The Greatest Trade Ever by Gregory Zuckerman is the story of John Paulson and a handful of other traders who took positions against the mortgage market and made fortunes in a very short period of time. Their primary method was to buy credit default swaps. These swaps acted as insurance against the default of mortgage backed bonds, and were sold very cheaply by those who held the mortgage securities in order to spice the yield.
The trade started with the observation that housing prices were a bubble. Housing had advanced far beyond a trend line and would have to drop 40% or more just to return to the trend line. They also noted the tremendous growth in subprime mortgages, variable rate mortgages, LIAR loans, interest only loans and other varieties of mortgages that strongly indicated a much weaker ability of borrowers to fulfill their commitments. In searching for the right tool to profit from shorting the mortgage market these investors stumbled across the credit default swaps. The market for these swaps was very thin and most of the brokers did not know about them or fully understand them.
At the time John Paulson and other were taking these positions against the mortgage market, most of Wall Street thought them fools and were too willing to find investors willing to sell swaps on their positions. Given that housing was constantly rising it seemed like easy money to sell swaps to those who foresaw Armageddon in the housing market. Major firms like Lehman, Bear Sterns, and almost all of the major names had huge positions in collateralized debt obligations or CDOs; interest bearing securities backed by pools of mortgages.
But very, very few could visualize this house of cards the way Paulson and the other contrarians did, and even fewer still were confident enough in such a contrarian position to make such strong trades, putting a lot of money where their mouth was.
The first to see the opportunity was Michael Burry. Trained as a doctor, Burry retained an interest in trading and eventually started his own fund, but he had a difficult time attracting traders who both understood his position and had the nerves and patience to endure the trade.
The big Kahuna in the trade was John Paulson who was able to attract investors to two funds and was able to maintain control to ride the trade to its peak. Paulson’s two funds averaged a gain of 440% in a year that the stock market was up only 3.5%. His firm racked up a profit of $15 billion and his personal take was almost $4 billion.
With the exception of Greg Lippman at Deutsche Bank, these traders were outside the mainstream of investing, unassociated with the big name Wall Street firms. This speaks volumes about the level of group think in the industry even when markets move to extremes. Well paid analysts sporting sophisticated mathematical models were assuring their investors and the public that the housing market was sound and even if prices stopped climbing that there was very little risk in the market.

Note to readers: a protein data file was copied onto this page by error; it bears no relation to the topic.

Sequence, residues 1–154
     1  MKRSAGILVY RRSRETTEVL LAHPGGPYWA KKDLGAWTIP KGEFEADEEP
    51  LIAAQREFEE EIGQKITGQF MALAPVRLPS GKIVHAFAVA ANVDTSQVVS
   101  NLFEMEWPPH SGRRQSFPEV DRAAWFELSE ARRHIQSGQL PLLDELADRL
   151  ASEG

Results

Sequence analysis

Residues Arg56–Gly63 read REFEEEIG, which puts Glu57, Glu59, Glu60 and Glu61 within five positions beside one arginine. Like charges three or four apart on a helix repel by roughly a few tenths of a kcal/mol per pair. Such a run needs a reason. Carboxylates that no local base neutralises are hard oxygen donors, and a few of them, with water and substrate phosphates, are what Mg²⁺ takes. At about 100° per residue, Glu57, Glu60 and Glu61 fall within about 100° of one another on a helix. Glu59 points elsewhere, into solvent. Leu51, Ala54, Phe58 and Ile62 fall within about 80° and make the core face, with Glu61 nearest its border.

Government agency leaders such as Fed Chief Bernanke, retired Fed Chief Greenspan, and Treasury chief Hank Paulson (no relation to John, at least none was noted in the book) assured the public that nothing drastic was afoot.
When markets move to extreme it often pays to be a contrarian. But the market did not move precisely timed with their trade. Early in the trade the markets moved against them and their racked up losses. Even when housing prices declined they could not figure out why the securities derived from mortgages did not drop with the housing market. Investors in their funds became very nervous, and many headed for the exists. But eventually the thinking proved correct and their bets earned huge returns.
Did these traders contribute to investor losses? To the extent that firms had to make good in the credit default swaps they chose to sell to Paulson and others, yes. But the same firms made money on the swaps as they sold them. They just made bad bets.
Seeking more securities to trade in a thinly traded market, Paulson encouraged Goldman to create a CDO with low quality mortgages just so he could short it. Goldman was held to account for this action, but no charges were brought against Paulson.
While such trades are rare, and those with the nerves and ability to capitalize on them are very, very few, this book is an excellent look at the thinking of contrarians. While it shows the value of truly independent thinking, it equally shows the danger of blind groupthink that grips our government and financial institutions.